papermaking machine model
- c1935 in Edinburgh
Model of a Fourdrinier-type papermaking machine made by Bertrams Sciennes Ltd, Edinburgh.
On this machine, pulp or stuff passes through a rotary strainer before flowing over the brest box and onto the moving wire gauze. The wire is shaken from side to side to help interlock the fibres. The water drains out through the wire gauze as it passes over the rollers and more is drawn out by a vacuum suction box.
At the end of the wire the wet sheet of paper is pressed and transferred to a moving felt blanket. This passes under a heavy marble roller to press the paper again. From this press the paper is transferred to another felt blanket and passed over cylinders filled with steam to dry it. To give a smooth finish, the paper may be passed through Calendar rolls before being reeled up.
A working model of a Fourdrinier papermaking machine originally lent by Bertram Sciennes Ltd Edinburgh.
Until the late eighteenth century, all papermaking was carried out by hand processes. In 1799, Nicholas Louis Robert patented a papermaking machine model in France when working at Monsieur St. Leger Didot's paper mill. However, wartime conditions in France caused the country to be economically and politically unstable, so Didot allowed his brother-in-law, John Gamble to continue its development in England. It was Gamble who contacted the firm of Fourdrinier, Bloxham and Fourdrinier in Bermondsey, London, to develop the machine.
Having made improvements to the design, they appointed J. & G. Hall as the engineers, with Bryan Donkin overseeing its development. A working model was patented in 1803, and the first production machine was installed at the Fourdriniers' Frogmore Mill, Hertfordshire, in Autumn of that year, with an improved version at another of their mills, Two Waters, the following year. It soon proved that it could make paper faster and more cheaply than was possible by hand. By 1830, the majority of paper was produced by machine. Investment was substantial at over £60,000, and eventually bankrupted the Fourdriniers, although Donkin continued to make and sell the machines.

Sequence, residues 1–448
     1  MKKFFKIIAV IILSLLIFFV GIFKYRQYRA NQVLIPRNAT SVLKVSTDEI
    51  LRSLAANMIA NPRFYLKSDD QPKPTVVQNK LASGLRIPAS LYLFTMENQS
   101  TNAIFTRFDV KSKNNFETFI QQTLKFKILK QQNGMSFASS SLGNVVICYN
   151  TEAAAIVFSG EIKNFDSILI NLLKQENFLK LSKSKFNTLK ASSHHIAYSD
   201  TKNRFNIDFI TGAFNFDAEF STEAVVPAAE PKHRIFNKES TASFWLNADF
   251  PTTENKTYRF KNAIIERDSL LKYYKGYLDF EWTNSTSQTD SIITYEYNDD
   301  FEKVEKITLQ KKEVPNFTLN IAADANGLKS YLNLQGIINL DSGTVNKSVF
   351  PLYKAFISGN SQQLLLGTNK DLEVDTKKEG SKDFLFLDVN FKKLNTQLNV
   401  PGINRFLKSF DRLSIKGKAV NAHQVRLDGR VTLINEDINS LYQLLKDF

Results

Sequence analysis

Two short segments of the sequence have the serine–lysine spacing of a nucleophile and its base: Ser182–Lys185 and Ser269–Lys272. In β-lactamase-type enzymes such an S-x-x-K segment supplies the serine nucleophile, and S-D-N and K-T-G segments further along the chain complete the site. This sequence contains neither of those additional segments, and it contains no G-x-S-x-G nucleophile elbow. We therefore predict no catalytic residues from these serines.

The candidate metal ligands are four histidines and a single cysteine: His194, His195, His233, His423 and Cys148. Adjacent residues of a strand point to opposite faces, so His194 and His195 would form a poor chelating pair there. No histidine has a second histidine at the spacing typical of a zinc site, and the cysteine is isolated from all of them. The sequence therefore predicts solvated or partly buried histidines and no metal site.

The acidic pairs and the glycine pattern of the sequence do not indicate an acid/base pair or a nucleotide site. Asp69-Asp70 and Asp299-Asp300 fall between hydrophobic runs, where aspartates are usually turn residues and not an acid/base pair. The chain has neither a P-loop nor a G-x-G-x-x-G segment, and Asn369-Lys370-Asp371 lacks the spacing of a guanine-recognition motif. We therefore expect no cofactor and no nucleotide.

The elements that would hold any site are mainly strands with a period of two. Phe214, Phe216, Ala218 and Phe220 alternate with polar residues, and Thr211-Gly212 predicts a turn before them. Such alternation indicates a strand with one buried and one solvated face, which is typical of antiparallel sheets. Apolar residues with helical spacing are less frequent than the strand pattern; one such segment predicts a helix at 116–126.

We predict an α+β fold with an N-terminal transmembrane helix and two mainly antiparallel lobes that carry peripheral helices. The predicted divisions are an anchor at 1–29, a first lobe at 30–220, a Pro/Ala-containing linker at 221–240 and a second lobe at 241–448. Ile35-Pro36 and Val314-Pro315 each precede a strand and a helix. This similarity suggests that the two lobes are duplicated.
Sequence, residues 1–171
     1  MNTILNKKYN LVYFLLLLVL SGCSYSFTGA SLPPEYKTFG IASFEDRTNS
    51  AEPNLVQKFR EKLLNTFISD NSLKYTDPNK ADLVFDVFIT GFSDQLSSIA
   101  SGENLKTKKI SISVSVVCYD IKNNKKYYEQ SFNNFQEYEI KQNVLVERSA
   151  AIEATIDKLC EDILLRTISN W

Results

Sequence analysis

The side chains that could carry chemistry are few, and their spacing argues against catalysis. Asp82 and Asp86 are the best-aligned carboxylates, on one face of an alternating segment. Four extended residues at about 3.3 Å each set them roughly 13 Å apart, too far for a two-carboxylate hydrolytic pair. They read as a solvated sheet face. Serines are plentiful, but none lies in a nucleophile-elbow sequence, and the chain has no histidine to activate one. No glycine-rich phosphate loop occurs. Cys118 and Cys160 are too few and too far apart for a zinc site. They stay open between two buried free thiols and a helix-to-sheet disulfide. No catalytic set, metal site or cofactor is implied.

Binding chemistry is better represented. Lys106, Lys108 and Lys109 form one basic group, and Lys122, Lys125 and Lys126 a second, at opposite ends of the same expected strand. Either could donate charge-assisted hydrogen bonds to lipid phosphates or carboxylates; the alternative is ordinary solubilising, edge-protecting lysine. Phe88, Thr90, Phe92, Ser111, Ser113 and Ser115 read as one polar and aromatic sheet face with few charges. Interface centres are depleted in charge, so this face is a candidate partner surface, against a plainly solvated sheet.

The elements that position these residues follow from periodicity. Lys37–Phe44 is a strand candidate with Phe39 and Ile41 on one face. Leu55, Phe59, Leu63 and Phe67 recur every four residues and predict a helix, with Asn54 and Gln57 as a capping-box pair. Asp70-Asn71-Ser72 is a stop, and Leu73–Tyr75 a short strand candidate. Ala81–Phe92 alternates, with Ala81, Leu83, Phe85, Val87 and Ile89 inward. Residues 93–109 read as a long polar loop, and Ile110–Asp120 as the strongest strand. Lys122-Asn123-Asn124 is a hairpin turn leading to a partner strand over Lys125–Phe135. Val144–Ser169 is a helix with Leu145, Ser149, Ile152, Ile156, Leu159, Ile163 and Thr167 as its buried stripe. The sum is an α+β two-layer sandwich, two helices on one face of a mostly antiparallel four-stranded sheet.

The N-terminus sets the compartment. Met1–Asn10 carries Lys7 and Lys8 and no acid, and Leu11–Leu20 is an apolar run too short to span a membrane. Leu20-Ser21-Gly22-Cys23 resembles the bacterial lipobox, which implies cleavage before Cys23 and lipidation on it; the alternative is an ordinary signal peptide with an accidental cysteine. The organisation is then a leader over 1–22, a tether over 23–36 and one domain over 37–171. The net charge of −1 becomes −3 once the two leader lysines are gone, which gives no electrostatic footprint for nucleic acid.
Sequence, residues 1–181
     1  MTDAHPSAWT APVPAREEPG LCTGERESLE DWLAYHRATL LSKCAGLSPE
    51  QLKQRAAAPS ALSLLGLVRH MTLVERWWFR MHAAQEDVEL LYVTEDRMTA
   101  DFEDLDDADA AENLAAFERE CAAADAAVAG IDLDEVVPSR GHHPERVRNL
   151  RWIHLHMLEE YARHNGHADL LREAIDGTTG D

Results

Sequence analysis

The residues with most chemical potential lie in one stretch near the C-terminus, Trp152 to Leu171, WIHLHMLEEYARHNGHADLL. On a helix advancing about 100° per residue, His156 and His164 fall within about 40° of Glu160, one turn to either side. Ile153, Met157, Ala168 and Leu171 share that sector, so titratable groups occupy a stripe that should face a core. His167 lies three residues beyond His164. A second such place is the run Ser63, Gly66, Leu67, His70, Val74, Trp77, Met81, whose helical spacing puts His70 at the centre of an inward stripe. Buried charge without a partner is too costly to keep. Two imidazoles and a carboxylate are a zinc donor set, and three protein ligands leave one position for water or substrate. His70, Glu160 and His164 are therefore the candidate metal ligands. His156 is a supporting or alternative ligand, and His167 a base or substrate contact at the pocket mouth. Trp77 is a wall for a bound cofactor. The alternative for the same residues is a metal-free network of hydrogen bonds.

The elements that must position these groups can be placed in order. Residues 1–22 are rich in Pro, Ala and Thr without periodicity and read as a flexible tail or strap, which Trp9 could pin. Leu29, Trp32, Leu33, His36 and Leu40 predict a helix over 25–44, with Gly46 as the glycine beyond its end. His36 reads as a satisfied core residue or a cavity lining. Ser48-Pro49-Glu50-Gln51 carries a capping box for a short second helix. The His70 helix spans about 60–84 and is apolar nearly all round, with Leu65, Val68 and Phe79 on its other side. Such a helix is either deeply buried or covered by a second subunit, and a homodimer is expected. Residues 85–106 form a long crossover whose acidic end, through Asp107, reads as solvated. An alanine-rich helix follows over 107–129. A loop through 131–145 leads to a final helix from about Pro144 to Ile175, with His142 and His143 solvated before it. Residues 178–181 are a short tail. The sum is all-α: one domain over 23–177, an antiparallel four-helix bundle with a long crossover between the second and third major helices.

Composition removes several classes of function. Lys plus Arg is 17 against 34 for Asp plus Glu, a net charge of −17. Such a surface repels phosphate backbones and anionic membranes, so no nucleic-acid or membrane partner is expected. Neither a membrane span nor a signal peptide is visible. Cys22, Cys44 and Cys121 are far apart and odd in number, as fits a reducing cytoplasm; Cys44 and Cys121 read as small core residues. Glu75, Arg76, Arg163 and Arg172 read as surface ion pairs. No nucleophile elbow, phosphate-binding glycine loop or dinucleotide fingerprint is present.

The machine you see here has four main sections to it, starting from the right hand side: the wet end, which is where the paper pulp comes into the machine in suspension as a slurry, and feeds on to a moving wire mesh belt; the press section where most of the water is removed leaving a damp paper web; the dryer section which dries the pulp as it passes over a series of steam heated rollers; and the calender section which smoothes the web of paper and gives it an uniform thickness by pressure from the rollers.
The machine produced a continuous roll for the first time, rather than individual hand made sheets, and was the forerunner of today's massive, high speed machines.